The Harker School is a private institution based in Silicon Valley that has earned international recognition for its academic performance, quality teachers, and student achievements. As its reputation has grown, so has its campus foot print. In 15 years, the school has expanded from a single location to four campuses, and the volume of documents charting the progress of new construction and state-of-the-art facilities has grown just as quickly.
File cabinets containing blueprints, drawings, reports, and contracts were bursting at the seams. Of course, that made locating specific documents—mainly those of the archival variety—an extremely time-consuming and tedious task.
Clearly, if Harker was grading itself on efficiency, they’d get a “B-.”
From Cabinets to the Cloud
It was no surprise when Harker’s facility coordinator, Janet Rohrer, and ARC Archives solutions met face-to-face. When Rohrer reviewed the offering, the appeal of cloud-based document management was compelling, but it became even more attractive once the costs were penciled out.
After ARC provided an onsite demonstration to both Rohrer and Mike Bassoni, Harker’s facility manager, they were certain the school would benefit from the solution.
ARC returned to collect all of Harker’s documents—approximately 500 large format plans and other documents — and brought them into their Archives service center where they organized, scanned, indexed and uploaded them to ARC’s cloud over the following week.
This more organized archive certainly pushed Harker’s grade higher, but extra credit was needed before they could give themselves an “A.”
From Storage to Sharing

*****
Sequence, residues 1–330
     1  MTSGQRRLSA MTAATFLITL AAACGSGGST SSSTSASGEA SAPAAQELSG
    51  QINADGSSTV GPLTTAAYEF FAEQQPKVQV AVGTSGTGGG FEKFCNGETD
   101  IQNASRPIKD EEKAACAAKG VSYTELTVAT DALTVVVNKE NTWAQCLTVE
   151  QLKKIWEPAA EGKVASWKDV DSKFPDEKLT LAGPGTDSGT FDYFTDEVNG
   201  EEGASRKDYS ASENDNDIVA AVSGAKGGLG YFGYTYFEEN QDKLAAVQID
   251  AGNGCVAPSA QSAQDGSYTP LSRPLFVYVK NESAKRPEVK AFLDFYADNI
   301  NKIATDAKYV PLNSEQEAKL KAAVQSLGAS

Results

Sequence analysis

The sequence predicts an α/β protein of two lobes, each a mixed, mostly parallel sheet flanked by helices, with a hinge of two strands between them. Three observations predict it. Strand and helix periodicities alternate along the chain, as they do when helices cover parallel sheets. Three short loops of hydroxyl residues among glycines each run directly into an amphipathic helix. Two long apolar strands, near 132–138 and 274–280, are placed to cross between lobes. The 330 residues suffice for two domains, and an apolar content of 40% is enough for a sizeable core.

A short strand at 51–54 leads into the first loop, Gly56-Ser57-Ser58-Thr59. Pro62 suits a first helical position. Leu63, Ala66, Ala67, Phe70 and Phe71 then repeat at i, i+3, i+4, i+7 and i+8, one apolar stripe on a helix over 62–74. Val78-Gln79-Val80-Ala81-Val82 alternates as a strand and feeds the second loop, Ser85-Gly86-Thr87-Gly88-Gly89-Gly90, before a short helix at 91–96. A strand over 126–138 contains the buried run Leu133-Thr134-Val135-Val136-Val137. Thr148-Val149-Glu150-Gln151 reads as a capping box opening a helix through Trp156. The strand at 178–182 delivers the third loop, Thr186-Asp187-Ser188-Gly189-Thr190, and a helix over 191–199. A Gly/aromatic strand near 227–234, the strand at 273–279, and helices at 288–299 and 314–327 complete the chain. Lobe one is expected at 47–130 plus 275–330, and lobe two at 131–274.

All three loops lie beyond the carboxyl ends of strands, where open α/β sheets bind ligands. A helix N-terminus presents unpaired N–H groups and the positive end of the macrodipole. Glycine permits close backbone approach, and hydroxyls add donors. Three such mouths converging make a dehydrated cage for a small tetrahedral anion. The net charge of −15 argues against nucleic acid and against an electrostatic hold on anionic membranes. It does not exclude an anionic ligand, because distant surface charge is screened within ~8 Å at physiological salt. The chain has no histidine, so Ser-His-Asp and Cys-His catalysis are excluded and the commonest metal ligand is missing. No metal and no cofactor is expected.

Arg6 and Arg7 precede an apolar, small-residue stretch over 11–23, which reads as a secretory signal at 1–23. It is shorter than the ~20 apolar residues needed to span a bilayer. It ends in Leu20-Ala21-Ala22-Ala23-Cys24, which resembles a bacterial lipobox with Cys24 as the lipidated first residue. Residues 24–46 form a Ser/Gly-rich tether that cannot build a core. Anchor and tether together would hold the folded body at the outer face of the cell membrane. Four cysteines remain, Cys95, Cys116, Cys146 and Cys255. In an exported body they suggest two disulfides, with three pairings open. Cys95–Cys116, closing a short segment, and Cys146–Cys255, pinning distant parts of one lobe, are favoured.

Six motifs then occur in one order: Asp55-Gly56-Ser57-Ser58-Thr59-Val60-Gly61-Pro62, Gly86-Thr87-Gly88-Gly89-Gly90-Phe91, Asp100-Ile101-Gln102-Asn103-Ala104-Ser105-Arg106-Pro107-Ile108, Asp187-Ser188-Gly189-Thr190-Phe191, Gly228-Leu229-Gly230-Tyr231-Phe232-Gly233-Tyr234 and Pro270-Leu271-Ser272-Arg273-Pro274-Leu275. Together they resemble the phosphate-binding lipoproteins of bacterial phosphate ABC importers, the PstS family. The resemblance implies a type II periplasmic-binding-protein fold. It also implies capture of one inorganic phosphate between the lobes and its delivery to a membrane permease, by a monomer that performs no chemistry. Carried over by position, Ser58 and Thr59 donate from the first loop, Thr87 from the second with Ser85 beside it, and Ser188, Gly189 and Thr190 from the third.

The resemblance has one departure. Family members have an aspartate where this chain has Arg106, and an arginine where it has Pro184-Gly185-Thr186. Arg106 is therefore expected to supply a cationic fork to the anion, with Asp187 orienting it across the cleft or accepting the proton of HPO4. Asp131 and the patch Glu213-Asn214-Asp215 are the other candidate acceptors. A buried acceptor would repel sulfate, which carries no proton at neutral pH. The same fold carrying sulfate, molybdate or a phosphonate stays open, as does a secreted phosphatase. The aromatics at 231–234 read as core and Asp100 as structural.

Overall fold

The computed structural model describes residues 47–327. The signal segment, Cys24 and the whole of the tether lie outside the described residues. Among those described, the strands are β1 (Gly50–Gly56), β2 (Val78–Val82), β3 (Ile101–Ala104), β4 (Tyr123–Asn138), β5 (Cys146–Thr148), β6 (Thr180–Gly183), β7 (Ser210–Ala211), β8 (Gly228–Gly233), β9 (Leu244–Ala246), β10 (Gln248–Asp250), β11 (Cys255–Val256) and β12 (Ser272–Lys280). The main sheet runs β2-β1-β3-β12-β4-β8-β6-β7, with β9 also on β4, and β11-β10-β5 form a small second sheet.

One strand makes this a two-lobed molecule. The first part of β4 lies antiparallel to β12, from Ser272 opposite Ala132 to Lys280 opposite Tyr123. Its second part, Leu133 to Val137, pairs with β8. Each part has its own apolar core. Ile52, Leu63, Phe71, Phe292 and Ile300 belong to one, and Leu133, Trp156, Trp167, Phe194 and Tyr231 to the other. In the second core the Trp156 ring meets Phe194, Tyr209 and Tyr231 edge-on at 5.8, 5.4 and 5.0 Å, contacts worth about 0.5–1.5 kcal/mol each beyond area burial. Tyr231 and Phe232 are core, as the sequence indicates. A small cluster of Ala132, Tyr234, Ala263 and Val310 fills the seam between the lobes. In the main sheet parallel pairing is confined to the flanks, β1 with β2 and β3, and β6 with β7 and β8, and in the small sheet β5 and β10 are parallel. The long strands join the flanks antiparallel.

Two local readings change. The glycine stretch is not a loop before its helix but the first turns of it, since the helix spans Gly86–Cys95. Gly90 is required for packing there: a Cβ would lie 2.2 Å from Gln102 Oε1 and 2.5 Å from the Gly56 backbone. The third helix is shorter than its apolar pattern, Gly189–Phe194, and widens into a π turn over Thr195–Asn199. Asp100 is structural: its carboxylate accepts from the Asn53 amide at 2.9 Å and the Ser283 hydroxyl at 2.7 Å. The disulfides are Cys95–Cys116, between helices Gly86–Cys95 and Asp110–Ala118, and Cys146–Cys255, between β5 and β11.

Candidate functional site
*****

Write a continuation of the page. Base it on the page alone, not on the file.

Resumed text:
Converting hardcopy documents to digital documents is great for clearing out space and preserving documents from being inadvertently destroyed. Document destruction is a major concern with hardcopy documents as most organizations don’t keep or can’t afford a second off-site backup facility; a fire, flood or over-zealous spring cleaning can destroy important information forever.
However, putting everything in the cloud doesn’t mean access is easy or automatic. Combing through a digital archive without the benefit of a powerful search engine can sometimes be as frustrating as paging through hundreds of pieces of paper.
ARC’s comprehensive Archives solution builds in search and allows users of the system to explore and discover the documents they need in the same way a Web user might search using Google. Just as importantly, because ARC’s experience and domain expertise encompasses the way architects, engineers and construction professionals use such documents, organization schemes, indexing characteristics and the user interface is purpose-built to make finding and using information inside building plans and specifications easy, fast and convenient.
It also makes sharing documents between users a breeze.
“This sharing function was key for us,” said Bassoni. “It’s incredibly useful to be able to give a structural engineer a link to a specific drawing that they can view on their laptop or tablet.”
Another major benefit of ARC Archives that hasn’t escaped Harker’s notice is its environmental impact. By sharing documents electronically, the school’s carbon footprint has been cut back considerably. They’ve cut down on printing, dramatically reduced the amount of space needed to store documents, and decreased the amount of driving between campuses to locate drawings and information.
Effective administration contributes enormously to improving education; less time locating information means more time in front of the students. As the Harker School took the same approach to managing their document archive, it’s clear why we continue to see this innovative and excellent school at the head of their class.